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Year : 2022  |  Volume : 7  |  Issue : 2  |  Page : 55-71

Improving maternal, newborn and child health care in Nigeria – A medical women's association of Nigeria multi-centre study

1 Medical Women's Association of Nigeria, National Secretariat, Abuja, Nigeria
2 Medical Women's Association of Nigeria, Akwa-Ibom, Nigeria
3 Medical Women's Association of Nigeria, Benue, Nigeria
4 Medical Women's Association of Nigeria, Delta, Nigeria
5 Medical Women's Association of Nigeria, Imo, Nigeria
6 Medical Women's Association of Nigeria, Kaduna, Nigeria
7 Medical Women's Association of Nigeria, Kwara, Nigeria
8 Medical Women's Association of Nigeria, Niger, Nigeria
9 Medical Women's Association of Nigeria, Oyo, Nigeria
10 Medical Women's Association of Nigeria, Rivers, Nigeria
11 Medical Women's Association of Nigeria, Zamfara, Nigeria

Correspondence Address:
Dr. Bobola Iyabo Agbonle
Delta State University, Abraka, Delta State
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Source of Support: None, Conflict of Interest: None

DOI: 10.4103/jmwa.jmwa_8_23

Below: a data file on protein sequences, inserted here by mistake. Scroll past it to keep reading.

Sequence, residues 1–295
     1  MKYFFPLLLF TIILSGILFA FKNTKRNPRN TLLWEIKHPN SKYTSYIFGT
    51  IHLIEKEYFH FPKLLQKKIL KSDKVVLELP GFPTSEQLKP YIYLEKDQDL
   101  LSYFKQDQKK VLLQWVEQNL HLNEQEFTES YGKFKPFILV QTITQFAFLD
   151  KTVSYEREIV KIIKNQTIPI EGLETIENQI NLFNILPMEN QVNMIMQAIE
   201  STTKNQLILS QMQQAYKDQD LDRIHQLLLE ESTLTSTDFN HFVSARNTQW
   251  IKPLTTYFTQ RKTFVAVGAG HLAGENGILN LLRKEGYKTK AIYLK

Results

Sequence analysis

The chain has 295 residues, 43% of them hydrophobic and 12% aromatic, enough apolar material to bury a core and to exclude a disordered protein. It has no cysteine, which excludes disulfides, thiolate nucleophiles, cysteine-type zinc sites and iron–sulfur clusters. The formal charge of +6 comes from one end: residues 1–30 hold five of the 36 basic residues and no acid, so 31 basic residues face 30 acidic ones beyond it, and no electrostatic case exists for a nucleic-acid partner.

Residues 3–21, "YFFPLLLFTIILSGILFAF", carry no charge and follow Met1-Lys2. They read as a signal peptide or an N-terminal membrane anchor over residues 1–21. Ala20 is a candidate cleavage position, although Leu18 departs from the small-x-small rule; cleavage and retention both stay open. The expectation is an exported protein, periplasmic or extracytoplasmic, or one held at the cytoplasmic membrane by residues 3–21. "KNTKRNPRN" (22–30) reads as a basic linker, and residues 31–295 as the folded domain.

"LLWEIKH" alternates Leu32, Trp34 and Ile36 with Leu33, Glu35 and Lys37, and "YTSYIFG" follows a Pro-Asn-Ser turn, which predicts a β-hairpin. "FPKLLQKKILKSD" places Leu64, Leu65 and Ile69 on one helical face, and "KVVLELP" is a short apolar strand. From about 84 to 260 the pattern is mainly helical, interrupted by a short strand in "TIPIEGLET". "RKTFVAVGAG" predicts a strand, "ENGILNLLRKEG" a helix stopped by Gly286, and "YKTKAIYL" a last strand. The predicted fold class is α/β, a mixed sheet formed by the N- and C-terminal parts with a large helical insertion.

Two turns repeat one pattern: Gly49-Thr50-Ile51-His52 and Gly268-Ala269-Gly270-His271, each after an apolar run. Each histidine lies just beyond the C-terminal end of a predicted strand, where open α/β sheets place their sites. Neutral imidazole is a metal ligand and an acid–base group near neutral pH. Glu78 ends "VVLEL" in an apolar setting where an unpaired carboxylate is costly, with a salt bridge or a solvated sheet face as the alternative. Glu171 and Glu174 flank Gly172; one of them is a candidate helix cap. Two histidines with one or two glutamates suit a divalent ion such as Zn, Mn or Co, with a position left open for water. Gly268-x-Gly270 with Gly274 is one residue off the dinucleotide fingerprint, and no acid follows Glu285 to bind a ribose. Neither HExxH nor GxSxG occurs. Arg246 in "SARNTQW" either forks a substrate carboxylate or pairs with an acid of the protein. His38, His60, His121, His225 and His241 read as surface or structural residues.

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BACKGROUND: The adopted health facility pilot demonstration programme was targeted to achieve sustainable development goals 3 and 5. Nigeria is one of the countries with poor maternal, newborn/child health outcomes – over 800 maternal deaths per 100,000; under-5 mortality 113–200/1000 live births; NMR of 36/1000 live births. Improving health indices through clinical monitoring, reducing neonatal tetanus (NT) risk factors and health systems strengthening can improve MNCH indicators. These factors were considered in the program and indicators were related to Medical Women's Association of Nigeria's themes/subthemes. METHODS: Interested states were given a letter of introduction to their selected health facility, a plaque to mount in the facility and a template for data submission. Data were sent from facility focal persons through the State Presidents to the National Coordinator, collated and analysed from January 2020 to December 2021. Data were used to track MNCH indicators and intervene. Interventions implemented included training on Strengthening Health Systems, supportive supervision, provision of commodities, for example, chlorhexidine gel, flier distribution and airing jingles. Monthly Monitoring/Evaluation Sessions started from January 2021 for dissemination to stakeholders and receiving feedback. A major intervention was sensitisation on family planning (FP), maternal/NT elimination, female genital mutilation, HIV/AIDS during 2021 World Population Day commemoration. RESULTS: The project involved 16 health facilities in 14 states. The results of 12 health facilities from 10 States are being presented in this article. There was a marked reduction of NT cases from 16 in 2020 to 3 in 2021. After WPD activities, 10 states had increased contraceptive utilisation. Lack of FP commodities, insecurity and COVID-19 negatively affected FP uptake in four facilities. Facilities increased food demonstrations after supportive supervision. CONCLUSION: This project demonstrates that instituting an efficient all-embracing monitoring/evaluation system in the health sector using objectively verifiable indicators, can contribute to improving health indices of African nations such as Nigeria.

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